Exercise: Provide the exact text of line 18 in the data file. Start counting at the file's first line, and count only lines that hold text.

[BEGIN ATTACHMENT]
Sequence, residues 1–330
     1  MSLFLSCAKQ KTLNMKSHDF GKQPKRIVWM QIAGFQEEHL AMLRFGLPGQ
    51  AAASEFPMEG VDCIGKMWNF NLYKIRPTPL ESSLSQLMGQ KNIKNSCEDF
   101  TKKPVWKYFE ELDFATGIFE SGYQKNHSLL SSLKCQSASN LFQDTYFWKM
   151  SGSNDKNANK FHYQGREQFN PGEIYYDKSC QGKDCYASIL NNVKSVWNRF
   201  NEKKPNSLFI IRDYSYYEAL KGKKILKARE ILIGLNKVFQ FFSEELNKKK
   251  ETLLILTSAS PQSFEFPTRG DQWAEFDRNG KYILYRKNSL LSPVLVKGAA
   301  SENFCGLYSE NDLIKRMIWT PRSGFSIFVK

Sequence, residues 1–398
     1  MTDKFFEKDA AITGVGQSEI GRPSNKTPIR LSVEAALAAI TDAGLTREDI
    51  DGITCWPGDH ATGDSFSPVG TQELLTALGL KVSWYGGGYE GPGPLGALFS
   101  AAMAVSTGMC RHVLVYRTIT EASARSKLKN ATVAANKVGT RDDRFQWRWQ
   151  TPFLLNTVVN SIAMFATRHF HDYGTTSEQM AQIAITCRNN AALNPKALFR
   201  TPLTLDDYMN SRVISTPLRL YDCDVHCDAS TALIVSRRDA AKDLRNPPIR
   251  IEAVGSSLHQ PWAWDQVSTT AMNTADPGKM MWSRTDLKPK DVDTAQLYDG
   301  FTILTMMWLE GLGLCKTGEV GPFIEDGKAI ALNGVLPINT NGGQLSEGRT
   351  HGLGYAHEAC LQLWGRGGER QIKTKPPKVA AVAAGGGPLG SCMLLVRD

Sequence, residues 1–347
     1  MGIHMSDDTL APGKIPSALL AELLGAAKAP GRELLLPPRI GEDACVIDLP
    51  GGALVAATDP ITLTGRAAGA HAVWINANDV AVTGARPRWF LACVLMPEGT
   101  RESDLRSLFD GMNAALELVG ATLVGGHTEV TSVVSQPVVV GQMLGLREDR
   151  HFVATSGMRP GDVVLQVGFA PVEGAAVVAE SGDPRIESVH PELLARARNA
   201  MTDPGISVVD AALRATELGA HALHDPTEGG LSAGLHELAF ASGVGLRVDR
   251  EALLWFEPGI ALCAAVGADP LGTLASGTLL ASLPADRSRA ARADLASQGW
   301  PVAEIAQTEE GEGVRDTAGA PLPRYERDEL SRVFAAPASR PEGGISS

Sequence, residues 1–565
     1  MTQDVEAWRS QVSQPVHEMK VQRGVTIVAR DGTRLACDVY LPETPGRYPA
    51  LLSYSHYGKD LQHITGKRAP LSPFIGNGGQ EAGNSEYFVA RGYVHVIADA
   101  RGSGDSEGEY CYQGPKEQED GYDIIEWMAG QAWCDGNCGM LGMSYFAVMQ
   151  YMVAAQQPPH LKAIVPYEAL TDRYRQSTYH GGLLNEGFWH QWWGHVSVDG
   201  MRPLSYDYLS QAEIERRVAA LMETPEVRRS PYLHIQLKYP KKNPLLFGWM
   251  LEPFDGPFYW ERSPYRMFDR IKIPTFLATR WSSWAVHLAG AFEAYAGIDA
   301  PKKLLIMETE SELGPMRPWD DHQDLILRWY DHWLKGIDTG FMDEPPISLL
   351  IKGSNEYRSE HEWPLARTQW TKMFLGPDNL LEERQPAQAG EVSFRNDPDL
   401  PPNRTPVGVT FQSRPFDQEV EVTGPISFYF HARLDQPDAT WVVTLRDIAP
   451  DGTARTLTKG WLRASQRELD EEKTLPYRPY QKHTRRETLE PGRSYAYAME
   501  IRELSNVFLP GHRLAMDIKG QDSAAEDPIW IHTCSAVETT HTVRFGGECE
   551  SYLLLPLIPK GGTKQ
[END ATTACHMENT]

Sequence, residues 1–347